You can create a score for yourself that works for your pace and needs. If I’ve had a really stressful day, my pace is always brisk. By consciously slowing my steps and paying attention to where my breathing becomes calmer, my mind will also stop racing, reducing the stress and anxiety. Conversely, if I’m running late or in a hurry and don’t take the time to slow down, I usually arrive at my destination more wound up and anxious than when I left. If you’re living in some degree of quarantine and don’t have somewhere you have to be, chances are you are rarely in a hurry anymore. Take the time to consciously enjoy that small bit of relief.

It also counts as meditation — if you do it right

In Zen Buddhism, walking meditation is an ancient, achingly slow practice known as kinhin. But you don’t have to be Buddhist to try it: Wildmind Meditation’s website has a detailed guide to a similar practice, and the Calm and Headspace apps both offer guided walking meditations.

Walking, obviously, is not the kind of meditation you do with your eyes closed; for me, that makes it more effective. You stay alert and awake. With each step, you become aware of how you’re moving with and against the world. You focus on the small details around you: purslane growing between the cracks of the sidewalk, the new buds on a tree, a small iron gate across a passageway you’ve never noticed before.

My favorite meditative walking tool was created by Donja de Groot’s company, Dao 2 Change. It’s a set of walking meditation cards, each with a quote and prompting questions to guide you through your walk. Many of them are nature-linked, like the one asking you to “walk your habits”: If there is a habit you are trying to change, think about it while you’re walking, and then look at whatever bit of nature you have access to. Ask yourself: What would happen to nature if it had that habit?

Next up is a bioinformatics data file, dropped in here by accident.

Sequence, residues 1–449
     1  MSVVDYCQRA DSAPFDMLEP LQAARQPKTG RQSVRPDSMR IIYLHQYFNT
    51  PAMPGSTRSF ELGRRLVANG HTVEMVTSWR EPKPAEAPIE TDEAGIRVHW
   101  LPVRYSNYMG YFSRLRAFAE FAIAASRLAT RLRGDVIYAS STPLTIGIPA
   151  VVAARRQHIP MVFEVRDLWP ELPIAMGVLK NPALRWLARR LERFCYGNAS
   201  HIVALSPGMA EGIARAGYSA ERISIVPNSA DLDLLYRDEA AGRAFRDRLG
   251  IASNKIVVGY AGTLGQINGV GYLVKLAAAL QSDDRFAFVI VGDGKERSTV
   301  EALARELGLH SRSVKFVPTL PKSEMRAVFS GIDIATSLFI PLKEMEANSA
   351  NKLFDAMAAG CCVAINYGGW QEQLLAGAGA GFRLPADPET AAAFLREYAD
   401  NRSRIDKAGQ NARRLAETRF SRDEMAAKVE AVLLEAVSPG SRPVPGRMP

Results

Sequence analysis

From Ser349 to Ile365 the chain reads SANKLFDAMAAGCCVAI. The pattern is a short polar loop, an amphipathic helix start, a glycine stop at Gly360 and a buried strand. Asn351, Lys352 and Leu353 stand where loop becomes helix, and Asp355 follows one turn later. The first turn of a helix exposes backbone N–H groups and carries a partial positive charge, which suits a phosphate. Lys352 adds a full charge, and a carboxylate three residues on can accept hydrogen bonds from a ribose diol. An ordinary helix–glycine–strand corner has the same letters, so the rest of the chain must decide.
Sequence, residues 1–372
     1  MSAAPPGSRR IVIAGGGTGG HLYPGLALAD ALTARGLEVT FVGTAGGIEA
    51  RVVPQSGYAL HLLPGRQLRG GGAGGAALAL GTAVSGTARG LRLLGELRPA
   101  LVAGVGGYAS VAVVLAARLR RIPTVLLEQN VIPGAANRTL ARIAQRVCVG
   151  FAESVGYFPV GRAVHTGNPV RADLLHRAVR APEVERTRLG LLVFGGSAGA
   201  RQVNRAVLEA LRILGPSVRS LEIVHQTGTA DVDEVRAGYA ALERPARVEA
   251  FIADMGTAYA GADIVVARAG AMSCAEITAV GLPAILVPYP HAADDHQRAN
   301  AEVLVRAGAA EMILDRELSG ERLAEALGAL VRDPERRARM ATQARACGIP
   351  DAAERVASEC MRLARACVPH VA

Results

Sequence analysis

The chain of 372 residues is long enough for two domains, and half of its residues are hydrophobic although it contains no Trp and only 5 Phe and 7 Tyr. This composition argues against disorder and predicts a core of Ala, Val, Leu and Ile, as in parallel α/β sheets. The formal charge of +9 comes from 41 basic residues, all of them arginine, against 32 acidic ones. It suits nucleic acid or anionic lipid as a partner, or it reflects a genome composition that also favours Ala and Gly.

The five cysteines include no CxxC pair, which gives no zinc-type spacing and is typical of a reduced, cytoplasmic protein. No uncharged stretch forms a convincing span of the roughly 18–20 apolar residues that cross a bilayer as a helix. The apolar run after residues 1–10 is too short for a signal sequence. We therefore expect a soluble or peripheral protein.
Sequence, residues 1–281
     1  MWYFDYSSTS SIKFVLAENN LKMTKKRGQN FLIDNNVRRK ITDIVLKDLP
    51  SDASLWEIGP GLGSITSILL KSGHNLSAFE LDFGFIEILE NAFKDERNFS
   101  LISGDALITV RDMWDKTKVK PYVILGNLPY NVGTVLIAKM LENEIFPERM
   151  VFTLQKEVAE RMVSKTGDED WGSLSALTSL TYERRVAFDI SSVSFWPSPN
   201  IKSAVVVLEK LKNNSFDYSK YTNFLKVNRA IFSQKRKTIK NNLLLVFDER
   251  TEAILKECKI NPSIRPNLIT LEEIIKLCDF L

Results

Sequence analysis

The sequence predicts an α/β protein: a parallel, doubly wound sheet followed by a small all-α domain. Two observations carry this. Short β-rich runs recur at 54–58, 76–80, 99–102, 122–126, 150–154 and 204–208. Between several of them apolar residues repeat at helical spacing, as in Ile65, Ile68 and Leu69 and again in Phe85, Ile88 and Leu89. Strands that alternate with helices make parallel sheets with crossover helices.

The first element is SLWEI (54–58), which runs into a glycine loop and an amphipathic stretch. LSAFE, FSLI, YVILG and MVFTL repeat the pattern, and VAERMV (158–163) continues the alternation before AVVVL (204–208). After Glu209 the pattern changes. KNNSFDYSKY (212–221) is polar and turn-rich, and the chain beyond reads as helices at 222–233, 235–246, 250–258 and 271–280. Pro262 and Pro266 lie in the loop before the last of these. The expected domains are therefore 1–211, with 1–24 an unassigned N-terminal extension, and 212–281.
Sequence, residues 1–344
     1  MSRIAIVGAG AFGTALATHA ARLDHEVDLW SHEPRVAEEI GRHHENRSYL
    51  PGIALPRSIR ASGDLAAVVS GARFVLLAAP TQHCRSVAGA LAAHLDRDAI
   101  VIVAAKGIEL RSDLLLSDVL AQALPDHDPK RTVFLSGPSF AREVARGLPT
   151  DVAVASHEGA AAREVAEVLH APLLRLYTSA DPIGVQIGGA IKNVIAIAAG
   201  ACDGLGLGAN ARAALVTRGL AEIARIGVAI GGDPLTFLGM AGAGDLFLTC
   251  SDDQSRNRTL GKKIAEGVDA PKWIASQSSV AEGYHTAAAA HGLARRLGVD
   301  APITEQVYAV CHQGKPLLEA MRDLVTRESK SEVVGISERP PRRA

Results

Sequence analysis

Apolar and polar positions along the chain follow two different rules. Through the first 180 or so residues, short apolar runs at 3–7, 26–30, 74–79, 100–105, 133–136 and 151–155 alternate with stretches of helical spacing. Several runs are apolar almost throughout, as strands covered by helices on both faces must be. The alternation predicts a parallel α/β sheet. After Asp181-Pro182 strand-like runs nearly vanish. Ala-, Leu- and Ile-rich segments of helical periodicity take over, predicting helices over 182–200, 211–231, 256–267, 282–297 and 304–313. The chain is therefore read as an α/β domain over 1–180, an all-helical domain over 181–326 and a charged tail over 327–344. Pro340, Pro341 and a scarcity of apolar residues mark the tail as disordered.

What you notice when you walk

I live in Montana, where I have ample opportunity to get out in nature, even during a quarantine. I could theoretically walk out my door and spend weeks in the wilderness without seeing another person. But I often find that walking in more urban areas makes me appreciate both the natural world and human ingenuity even more. An ant scurrying home with a crumb, a bird flying a twig to its nest in progress under a bridge, a cultivated pocket garden showing shoots of spinach. Nature has never been evicted from cities, only transformed.

It’s past time that we started to see the wild all around us as integrated with our lives, no matter how much concrete is involved. If your quarantine allows it, walk your neighborhood. Find ways to perceive it differently. Watch for unruly dandelions, thriving bees, signs of coyotes.

When you walk, follow your physiological responses to emotions: How do your breath and heart rate and neck tension respond when you think about politics or someone who irritated you on social media this morning, or when you worry about what the future will hold? Take a minute to think of someone suffering, right now, someone you can’t see, maybe those working in the grocery store supply chain or on the front lines at a hospital, for whom even the boredom of a daily walk is out of reach. You can even ask yourself what about this surreal experience you might want to retain when life gets back to “normal.”

And through it all, you can breathe and step, breathe and step. Walking always has a purpose. We just have to slow down and pay attention to find it.

Antonia Malchik is the author of A Walking Life: Reclaiming Our Health and Our Freedom One Step at a Time; writes on walking, tech, community, and embodiment.